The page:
If a county finds itself with no participating insurers in the Affordable Care Act (ACA) exchanges in 2018, customers would be allowed to use federal subsidies on insurance outside that marketplace under a bill introduced by Tennessee’s two Republican Senators.
The scenario envisioned by Sens. Lamar Alexander and Bob Corker could become reality in their own state, as 19 Tennessee counties could be left without an exchange insurer with Humana promising to drop out of the market after this year.
There’s no provision in the ACA to guarantee coverage if no insurer elects to participate in a given market. The problem was avoided in 2017, though one-third of the nation’s counties were left with only one insurer, and more exits are expected with the uncertainty surrounding the ACA markets under the Trump administration.
“At some point, on behalf of the American people, Congress and the administration have to resolve the issues that are driving up healthcare costs, limiting choices and causing the exchange market to spiral downward,” Corker said in a statement. “However, in the interim, we must take steps to ensure people in places like Knoxville, where more than 34,000 individuals receiving subsidies under current law will have zero options in 2018, have the opportunity to purchase health insurance off the exchange in the individual market.”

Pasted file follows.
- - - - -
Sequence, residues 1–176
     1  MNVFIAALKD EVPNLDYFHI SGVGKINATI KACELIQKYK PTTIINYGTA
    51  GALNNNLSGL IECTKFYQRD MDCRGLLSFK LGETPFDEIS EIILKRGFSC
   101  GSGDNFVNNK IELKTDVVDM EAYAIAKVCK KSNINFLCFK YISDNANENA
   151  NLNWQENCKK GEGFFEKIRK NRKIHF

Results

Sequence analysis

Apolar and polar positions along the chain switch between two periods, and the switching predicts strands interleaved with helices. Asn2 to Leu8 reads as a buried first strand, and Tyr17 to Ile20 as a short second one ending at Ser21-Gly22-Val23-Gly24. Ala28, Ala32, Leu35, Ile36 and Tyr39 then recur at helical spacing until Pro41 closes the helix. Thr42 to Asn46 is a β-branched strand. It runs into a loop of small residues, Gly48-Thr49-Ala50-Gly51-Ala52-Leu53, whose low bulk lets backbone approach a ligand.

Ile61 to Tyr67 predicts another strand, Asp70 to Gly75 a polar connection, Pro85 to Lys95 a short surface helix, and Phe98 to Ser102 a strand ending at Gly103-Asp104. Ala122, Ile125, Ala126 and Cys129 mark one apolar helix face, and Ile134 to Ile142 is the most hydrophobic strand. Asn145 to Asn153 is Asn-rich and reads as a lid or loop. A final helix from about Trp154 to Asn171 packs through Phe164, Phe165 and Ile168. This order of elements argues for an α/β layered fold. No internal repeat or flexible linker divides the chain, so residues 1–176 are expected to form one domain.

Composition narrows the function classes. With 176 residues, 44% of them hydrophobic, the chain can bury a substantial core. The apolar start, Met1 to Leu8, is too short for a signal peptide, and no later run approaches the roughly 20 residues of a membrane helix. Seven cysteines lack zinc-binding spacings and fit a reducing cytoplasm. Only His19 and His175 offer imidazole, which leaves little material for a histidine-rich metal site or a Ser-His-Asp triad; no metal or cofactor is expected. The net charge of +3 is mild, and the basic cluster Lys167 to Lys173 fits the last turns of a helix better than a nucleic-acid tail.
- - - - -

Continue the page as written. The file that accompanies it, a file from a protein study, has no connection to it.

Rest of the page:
The bill would allow customers who are eligible for subsidies for buying insurance to use it on off-exchange plans, which will still have to be approved by state regulators as if they were being offered on the ACA marketplace.
It would also waive the individual mandate penalty for not buying insurance for customers in those areas. Sen. John McCain, R-Arizona, had proposed the same exemption in a 2016 when one county in his state was at risk of having no exchange insurer.
Unlike some of the past proposals to offer ways around the individual mandate, this one would be temporary, running through the end of the 2019 plan year.